Picture for blog post Humorous Videos to Introduce Figurative Language

Humorous Videos to Introduce Figurative Language

Figurative language can be a challenging concept in for upper elementary and middle school, especially when integrating into writing. Starting with a figurative language unit and bundled activities including vocabulary flipbooks and comprehension passages can help your students learn and practice these difficult concepts. It’s simple enough to memorize definitions and terms, but when it comes to applying knowledge, it can be hard to make connections. Couple this awesome unit with video! Video is one way to help your students visualize figurative language, and when they’re funny, they’ll really be memorable! Here are some humorous videos to introduce figurative language.


This may be an exaggeration, but hyperbole is the greatest type of figurative language in the world! Of course, that is a hyperbole (extreme exaggeration) in itself. Elementary and middle school students love the silly cheesiness in Flocabulary videos. One of our faves is “What is Hyperbole?” which boasts a cool beat and rhymes like, “Hyperbole, I know you heard of me!“ The video also talks about ways this figurative language type is used in real life and literature.


The word idiom is silly in itself. Phrases that don’t reflect their literal meaning are called idioms. For example, when it’s raining cats and dogs, there are not felines and canines pouring from the sky. Of course, it’s just raining very hard. Mr. Palindrome’s videos are super goofy, but even your middle-grade kids will laugh and find them memorable. Remember, a little silliness goes a long way to jogging memory in this age group. My. P’s idiom video is one of the funniest ones on his channel!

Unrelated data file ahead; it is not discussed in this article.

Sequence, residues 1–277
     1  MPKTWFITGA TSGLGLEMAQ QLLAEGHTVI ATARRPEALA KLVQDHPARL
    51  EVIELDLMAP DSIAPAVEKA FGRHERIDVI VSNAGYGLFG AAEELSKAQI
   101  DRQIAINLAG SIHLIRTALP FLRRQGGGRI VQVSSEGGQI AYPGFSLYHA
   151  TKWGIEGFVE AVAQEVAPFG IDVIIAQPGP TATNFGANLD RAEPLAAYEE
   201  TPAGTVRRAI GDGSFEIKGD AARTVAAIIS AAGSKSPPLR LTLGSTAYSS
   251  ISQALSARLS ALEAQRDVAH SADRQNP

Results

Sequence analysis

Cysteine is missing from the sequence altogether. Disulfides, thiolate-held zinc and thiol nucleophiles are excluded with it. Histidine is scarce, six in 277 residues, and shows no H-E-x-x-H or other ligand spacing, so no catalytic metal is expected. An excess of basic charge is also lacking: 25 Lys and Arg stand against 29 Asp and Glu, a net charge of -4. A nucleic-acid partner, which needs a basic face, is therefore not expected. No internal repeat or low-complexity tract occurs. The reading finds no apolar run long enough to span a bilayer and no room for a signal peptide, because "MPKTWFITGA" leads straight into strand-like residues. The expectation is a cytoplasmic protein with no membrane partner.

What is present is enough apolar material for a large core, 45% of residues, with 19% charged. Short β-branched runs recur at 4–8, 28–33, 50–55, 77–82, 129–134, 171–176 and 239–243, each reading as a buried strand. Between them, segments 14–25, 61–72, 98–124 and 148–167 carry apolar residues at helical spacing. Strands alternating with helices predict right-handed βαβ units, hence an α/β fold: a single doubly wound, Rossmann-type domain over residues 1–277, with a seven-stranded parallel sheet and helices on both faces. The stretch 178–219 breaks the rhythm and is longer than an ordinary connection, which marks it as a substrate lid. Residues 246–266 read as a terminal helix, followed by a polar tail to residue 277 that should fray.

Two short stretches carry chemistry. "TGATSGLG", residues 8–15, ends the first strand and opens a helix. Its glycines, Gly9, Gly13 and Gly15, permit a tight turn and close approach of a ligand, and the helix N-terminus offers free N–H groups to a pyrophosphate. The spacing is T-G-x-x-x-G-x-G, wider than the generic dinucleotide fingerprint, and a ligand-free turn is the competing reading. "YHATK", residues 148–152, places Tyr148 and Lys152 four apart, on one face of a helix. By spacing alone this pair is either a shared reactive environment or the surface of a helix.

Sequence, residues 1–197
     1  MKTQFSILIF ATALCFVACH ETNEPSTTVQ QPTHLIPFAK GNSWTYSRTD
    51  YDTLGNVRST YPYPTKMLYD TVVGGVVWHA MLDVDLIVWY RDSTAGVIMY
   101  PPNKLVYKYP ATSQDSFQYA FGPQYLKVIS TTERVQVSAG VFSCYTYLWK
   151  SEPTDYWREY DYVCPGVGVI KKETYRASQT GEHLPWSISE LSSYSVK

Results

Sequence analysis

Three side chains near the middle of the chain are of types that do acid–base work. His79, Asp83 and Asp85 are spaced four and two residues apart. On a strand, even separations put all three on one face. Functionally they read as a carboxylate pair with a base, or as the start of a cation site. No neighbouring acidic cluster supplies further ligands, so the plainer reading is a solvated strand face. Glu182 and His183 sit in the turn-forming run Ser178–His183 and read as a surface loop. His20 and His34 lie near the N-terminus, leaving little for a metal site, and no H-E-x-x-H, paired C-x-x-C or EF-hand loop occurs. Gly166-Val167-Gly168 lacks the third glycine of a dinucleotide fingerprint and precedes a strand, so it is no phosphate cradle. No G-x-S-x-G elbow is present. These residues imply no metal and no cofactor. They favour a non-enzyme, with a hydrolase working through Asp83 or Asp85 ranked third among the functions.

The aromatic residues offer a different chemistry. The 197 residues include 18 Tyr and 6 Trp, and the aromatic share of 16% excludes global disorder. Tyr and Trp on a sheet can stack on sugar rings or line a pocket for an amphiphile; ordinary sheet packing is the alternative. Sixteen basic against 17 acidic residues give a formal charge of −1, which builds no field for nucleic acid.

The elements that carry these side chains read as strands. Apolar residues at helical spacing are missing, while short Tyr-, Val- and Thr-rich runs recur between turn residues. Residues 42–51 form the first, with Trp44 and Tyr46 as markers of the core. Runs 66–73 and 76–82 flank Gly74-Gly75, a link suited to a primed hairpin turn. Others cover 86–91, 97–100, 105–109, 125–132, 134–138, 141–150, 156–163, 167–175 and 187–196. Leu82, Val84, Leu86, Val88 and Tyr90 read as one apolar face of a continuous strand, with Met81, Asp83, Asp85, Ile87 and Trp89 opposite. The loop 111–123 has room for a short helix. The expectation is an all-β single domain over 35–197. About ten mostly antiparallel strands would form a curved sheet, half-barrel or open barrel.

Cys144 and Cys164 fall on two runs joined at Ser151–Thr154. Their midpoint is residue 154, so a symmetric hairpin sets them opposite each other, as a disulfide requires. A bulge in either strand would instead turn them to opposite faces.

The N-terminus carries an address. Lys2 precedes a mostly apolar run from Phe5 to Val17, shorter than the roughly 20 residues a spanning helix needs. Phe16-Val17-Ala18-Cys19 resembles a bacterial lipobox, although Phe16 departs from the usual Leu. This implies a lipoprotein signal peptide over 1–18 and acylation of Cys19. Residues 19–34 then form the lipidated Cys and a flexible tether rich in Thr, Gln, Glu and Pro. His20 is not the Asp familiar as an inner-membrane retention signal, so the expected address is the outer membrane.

A metaphor is a type of figurative language comparing two things with some quality in common without using like or as. I giggled at Alden Phelp’s song where he argues with a metaphor that is constantly throwing metaphorical insults his way. Don’t worry! The song has a happy ending with a metaphor friendship. Your kids will laugh and want to create their own goofy metaphor songs.


Using cartoons or other movies to teach figurative language will make your students smile, laugh, and most of all remember the terms. Who better to teach the concept of similes (comparing two things with some quality in common using like or as) than Shrek? This silly clip has Shrek talking to Donkey comparing ogres to onions.


Repetition of consonant sounds at the beginning of words (alliteration) or repetition of sounds at the end of words (rhyme) are sound devices that my students love to use in poetry. The videos by Advocate of Wordz has a high pitched cartoon narrator that breaks things down in a cool and fun way that elementary and middle schoolers are sure to enjoy! Your students will even learn about the different types of rhyme. Awesome!


My students love to see themselves on camera. Even the most timid kids enjoy performing in small groups. Teaching figurative languages with Readers Theater Scripts is fun for both teachers and students. Readers Theater gives a students a chance to perform and experience a drama unit while working with and learning with figurative language. These particular scripts include simile, metaphor, idioms, onomatopoeia, oxymoron, personification, alliteration, and hyperbole for a fantastic figurative language study! Grab a tablet or a smartphone to have your students create their own figurative language videos through their Readers Theater performances.